As the unemployment rate climbed to 8.5% in March, only 13% of US employers say they increased their number of permanent, full-time employees at their companies during Q109, while 64% hope to keep employment levels steady in Q209, according to the most recent quarterly employment forecast based on a survey from CareerBuilder and USA TODAY.
The “Q2 2009 Job Forecast” (pdf) survey finds that a large majority of employers appear to be holding off on hiring while they focus all their efforts on keeping current headcount intact during the down economy.
However, some companies are still taking advantage of the hiring slowdown to replace lower-performing employees with top talent that may not have been available in healthier financial times.
Hiring in Q1 2009
Though 13% of companies added positions (down from 31% during Q108), the majority of employers (60%) say their staff levels remained the same in Q109, while 26% reported a reduction in headcount, up from 13% this time last year. One percent of employers were undecided.
Hiring in Q2 2009
Looking forward to the second quarter, 14% of companies surveyed anticipate there will be a decrease in their headcount while the majority (64%) again expect no change, and 7% are undecided.
The 14% of employers that expect to add full-time, permanent employees in Q209 is relatively unchanged from the first quarter of 2009 (13%) and down from 29% in the Q208.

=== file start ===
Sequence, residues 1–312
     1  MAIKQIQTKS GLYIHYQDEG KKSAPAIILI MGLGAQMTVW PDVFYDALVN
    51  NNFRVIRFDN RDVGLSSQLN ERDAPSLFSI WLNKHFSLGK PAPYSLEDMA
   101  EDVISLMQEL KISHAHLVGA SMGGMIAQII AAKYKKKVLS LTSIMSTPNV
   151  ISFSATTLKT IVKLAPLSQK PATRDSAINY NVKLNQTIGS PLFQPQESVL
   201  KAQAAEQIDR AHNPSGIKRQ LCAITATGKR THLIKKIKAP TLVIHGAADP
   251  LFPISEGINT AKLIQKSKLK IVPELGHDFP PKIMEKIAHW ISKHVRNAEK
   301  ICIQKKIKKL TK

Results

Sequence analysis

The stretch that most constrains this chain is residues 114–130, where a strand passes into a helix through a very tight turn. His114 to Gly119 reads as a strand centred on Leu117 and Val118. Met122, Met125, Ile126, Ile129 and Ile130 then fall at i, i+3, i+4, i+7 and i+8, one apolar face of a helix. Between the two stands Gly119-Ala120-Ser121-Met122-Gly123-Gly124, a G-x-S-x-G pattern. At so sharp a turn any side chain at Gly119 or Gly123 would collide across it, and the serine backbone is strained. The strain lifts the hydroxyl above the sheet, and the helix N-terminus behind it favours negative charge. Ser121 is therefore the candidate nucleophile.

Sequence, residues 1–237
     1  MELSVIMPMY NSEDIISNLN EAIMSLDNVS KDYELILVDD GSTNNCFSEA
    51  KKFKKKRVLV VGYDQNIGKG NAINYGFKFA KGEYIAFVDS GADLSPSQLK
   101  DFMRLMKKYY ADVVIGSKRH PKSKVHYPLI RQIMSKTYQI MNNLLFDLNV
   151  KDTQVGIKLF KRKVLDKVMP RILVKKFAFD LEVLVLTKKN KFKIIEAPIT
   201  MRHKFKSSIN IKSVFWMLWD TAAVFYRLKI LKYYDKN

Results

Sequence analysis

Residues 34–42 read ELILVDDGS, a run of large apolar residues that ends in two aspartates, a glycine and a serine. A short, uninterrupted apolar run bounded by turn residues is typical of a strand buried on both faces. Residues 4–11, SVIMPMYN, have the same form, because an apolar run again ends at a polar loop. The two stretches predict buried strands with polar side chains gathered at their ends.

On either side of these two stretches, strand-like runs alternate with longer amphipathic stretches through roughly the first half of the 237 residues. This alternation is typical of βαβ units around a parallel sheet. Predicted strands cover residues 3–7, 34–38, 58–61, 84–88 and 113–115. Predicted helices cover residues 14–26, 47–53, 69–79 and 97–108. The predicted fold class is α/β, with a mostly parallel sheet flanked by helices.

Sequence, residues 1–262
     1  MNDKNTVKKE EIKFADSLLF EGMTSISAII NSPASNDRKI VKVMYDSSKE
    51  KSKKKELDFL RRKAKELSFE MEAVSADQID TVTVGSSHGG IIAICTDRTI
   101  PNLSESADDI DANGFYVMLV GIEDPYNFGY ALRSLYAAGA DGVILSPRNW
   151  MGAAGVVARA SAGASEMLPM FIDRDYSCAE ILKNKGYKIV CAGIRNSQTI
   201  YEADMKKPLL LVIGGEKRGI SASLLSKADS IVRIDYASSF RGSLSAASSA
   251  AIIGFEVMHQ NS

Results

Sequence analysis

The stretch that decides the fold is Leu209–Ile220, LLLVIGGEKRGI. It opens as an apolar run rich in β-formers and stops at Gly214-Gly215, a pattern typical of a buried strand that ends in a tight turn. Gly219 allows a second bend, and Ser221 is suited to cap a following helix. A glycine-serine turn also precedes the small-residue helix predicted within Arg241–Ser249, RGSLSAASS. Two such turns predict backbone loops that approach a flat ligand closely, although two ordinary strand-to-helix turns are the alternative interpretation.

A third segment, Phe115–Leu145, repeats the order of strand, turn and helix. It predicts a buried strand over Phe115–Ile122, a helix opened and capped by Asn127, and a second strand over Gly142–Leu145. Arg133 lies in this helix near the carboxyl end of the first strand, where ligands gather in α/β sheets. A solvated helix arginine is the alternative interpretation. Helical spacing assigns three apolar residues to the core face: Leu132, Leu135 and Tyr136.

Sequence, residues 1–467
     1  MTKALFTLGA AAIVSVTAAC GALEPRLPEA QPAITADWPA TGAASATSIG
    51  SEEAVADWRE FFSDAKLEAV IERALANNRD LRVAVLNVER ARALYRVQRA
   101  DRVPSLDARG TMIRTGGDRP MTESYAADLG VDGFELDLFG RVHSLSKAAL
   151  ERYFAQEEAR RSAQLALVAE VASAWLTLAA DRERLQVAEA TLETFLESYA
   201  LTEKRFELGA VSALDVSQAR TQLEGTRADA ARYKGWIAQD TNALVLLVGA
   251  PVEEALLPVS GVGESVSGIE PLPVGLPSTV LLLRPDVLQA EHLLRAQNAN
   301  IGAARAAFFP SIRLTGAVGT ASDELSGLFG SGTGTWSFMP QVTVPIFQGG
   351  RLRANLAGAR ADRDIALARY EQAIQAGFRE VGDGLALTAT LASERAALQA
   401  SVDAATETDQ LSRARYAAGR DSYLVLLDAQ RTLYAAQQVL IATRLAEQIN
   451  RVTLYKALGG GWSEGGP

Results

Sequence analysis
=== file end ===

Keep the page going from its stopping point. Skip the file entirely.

More than one-fifth (22%) of hiring managers report layoffs at their locations in Q109, up from 11% during the same period in 2008. Some 12% anticipate there will be layoffs in the next three months while 16% are unsure. Again, the majority (72%) expect no change.
Stimulus Poised to Help Companies
When looking more closely at a subset of managers specializing in HR, nearly half (48%) believe their organizations will benefit from the economic stimulus in terms of getting more business, the survey found Nearly one-fourth (23%) say their companies are planning to bring back workers who were laid off once the economy turns around.
Hourly Workers in Q109
When asked if hours had changed, on average, for hourly workers in Q109 year-over-year, 53% of hiring managers report no change in the number of hours offered while 25% report hours were cut. Some 5% state that hours had increased while another 5% are unsure.
Hiring By Region in Q209
The South continues to perform better than other regions in terms of hiring, seeing the benefits of growth in healthcare and energy. Some 16% of hiring managers in the South plan to increase their full-time staff, compared with a 14% average among other region, the survey found. The Northeast, plagued by losses in banking and financial jobs, is expecting the largest decrease in headcount among the regions. Nearly one-fifth (19%) of hiring managers expect to trim staffs compared with 14% in the Midwest and West and 12% in the South.
Compensation in Q209
Tightened budgets are restricting pay increases and, in some cases, resulting in pay reductions:
- 46% percent of employers anticipate no change in compensation levels.